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Brandon cathedral transforms into donation hub to serve hundreds displaced by fires

Posted on: May 25, 2018 3:18 PM
Half an hour to an hour after opening the cathedral doors for donations, Bishop William Cliff and Dean Don Bernhardt say they were inundated with clothing, shoes and toiletries for people displaced by a fire in downtown Brandon, Manitoba.
Photo Credit: Bishop William Cliff / Anglican Journal
Related Categories: Bp William Cliff, Brandon, Canada, fire, Manitoba

[Anglican Journal, by Joelle Kidd] A massive fire that swept downtown Brandon in central Canada’s Manitoba province, coupled with wildfires in Western Manitoba that caused the evacuation of Sapotaweyak Cree Nation, have caused hundreds to be displaced from their homes. But in the diocese of Brandon’s St Matthew’s Cathedral, the community has rallied with donations of clothes and other essential items. Saturday’s (19 May) blaze in downtown Brandon destroyed three buildings and spread to the roof of 58-unit Massey Manor, a low-income housing complex. About 150 people were forced to leave their homes and are now living in a nearby hotel.

In response, Brandon’s Bear Clan Patrol leapt into action. Dean of St Matthew’s Cathedral Don Bernhardt is a member of the Bear Clan, a community group that patrols downtown Brandon and often provides support in the form of food or clothing for those living in the city’s core. The primarily indigenous group is led by a women’s council. Because of the group’s work in the area, many of the residents of Massey Manor were known by Bear Clan members. Previous experience had taught them that a clothing drive would be a good way to respond, says Bernhardt, as the Red Cross does not distribute clothing donations.

Bernhardt offered space in the cathedral for the donations, he says, and then, “I basically just stood back and watched in amazement.”

They put out a call to the community that they would be accepting donations between 1 pm and 4 pm the Sunday after the fire. “By 1.30, 2.00 pm at the latest, we had our crypt completely full. I had to open up another room in the cathedral in the basement, and that was filling up. We had the landing of the cathedral completely full of boxes and bags,” says Bernhardt. “People were stopping in the middle of the street and bringing stuff in. It was amazing.”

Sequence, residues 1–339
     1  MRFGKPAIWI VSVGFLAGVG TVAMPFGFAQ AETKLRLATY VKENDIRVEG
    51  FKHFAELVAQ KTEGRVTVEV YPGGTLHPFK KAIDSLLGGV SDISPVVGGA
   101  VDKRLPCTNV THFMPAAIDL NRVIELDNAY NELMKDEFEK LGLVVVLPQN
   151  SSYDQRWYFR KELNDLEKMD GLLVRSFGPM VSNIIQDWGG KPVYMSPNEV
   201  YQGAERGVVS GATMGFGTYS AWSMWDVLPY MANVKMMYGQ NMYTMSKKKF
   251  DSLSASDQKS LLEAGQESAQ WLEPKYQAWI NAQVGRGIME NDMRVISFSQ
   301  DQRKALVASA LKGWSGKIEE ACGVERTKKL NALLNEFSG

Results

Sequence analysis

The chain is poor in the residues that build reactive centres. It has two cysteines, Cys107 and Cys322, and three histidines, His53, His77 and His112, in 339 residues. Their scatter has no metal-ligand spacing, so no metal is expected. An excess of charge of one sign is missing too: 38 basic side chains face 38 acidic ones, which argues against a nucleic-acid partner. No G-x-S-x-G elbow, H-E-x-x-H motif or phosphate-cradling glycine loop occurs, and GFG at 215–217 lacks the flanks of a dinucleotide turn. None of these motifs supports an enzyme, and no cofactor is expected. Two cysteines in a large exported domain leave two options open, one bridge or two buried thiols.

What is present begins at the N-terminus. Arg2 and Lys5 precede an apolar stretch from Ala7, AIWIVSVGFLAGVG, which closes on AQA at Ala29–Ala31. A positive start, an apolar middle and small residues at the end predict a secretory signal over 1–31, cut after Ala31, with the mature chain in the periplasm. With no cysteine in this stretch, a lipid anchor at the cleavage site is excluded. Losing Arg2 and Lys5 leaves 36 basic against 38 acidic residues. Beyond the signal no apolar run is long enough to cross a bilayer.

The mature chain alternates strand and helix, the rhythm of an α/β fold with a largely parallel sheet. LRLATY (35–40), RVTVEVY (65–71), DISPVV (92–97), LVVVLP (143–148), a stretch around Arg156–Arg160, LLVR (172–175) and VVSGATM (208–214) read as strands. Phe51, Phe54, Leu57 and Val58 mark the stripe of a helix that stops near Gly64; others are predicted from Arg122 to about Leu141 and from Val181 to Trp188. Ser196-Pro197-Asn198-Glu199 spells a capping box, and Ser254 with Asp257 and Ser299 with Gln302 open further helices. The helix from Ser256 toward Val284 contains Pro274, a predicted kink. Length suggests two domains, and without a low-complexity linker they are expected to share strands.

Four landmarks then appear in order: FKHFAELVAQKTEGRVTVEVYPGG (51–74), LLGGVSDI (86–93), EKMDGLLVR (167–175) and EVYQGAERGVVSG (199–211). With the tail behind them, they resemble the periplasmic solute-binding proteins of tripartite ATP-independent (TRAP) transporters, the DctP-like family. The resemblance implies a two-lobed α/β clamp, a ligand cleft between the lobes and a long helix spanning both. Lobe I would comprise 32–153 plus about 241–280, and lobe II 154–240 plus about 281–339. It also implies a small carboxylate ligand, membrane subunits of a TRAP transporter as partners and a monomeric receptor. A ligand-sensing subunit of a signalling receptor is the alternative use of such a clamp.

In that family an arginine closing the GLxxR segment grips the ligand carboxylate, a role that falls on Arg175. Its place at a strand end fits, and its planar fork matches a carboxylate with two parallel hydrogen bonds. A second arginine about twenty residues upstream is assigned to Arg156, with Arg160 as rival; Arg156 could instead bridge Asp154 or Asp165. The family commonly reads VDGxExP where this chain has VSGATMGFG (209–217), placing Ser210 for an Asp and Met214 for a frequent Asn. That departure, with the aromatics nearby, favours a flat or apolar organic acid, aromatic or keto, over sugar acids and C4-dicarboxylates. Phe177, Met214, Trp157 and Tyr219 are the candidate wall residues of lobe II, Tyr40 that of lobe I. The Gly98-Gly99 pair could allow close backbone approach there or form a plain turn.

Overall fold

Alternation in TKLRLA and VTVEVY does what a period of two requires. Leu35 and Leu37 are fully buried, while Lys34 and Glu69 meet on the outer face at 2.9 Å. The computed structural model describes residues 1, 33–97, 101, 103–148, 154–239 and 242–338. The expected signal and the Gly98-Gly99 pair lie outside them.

The donations continued to pour in. “The Sunday of Pentecost, we saw the Holy Spirit in action in a really powerful way,” says Bernhardt.

The majority of volunteer work has been organised by the Bear Clan, with assistance from the St Matthew’s clergy and a host of parishioners and community members, says Bishop of the diocese of Brandon William Cliff. “It’s just the perfect community effort.”

Working with the indigenous-led Bear Clan is also “a good sign of reconciliation,” he says.

The whole area under the cathedral is now laid out “like a mall,” Cliff says. “There’s menswear, womenswear, children’s, different sizes. There’s bathing suits here, there’s a whole section of soap and tooth brushes and toothpastes, everything.” Bear Clan members shuttle groups of people from the hotels where they are staying to go through and collect what they need.

Both the Massey Manor residents and the evacuees from Sepotaweyak Cree Nation were forced to leave their homes with little notice, and many have only the clothes on their backs, he says.

Wildfires have spread through the province in recent weeks as an unusually dry spring has fostered tinderbox conditions. According to the CBC, nearly 700 people were forced to leave their homes in Sapotaweyak early this week. About 200 of the evacuees are now in Brandon, being housed in hotels.

Because of the enormous response to the fire, the church has ample donated clothes and other items for the Sapotaweyak evacuees. “We still have boxes and boxes of clothes that haven’t even been touched yet,” says Bernhardt.

Excess donations will be passed along to community help centre Samaritan House Ministries.

Cliff says Massey Manor residents may be allowed to visit their apartments on Friday to collect some items. “We’re being alerted to make sure that people understand we’re here for support,” he adds. “It’s going to be a pretty emotional, shocking thing to go in and see the state of your home after that kind of a fire.”

“In the moment, there’s a lot of shock and fear and anxiety,” says Bernhardt, who spoke to residents the day of the fire. Despite this, he says, “I get a real sense that the folks know that there are people who care, and there are people who are going to help them adjust to this. . . We’re going to get through this as a community.”

A service of thanksgiving will take place at the cathedral on Sunday (27 May), to celebrate the work of first responders and volunteers so far. “That will sort of put a comma on things,” says Bernhardt, who says that “the immediate emergent need is done, but the work is not done.”

The diocese is also offering to cover the cost for a week at diocese-run Anglican Memorial Camp for any children or families affected by the fire. Donations through the diocese of Brandon can be made online.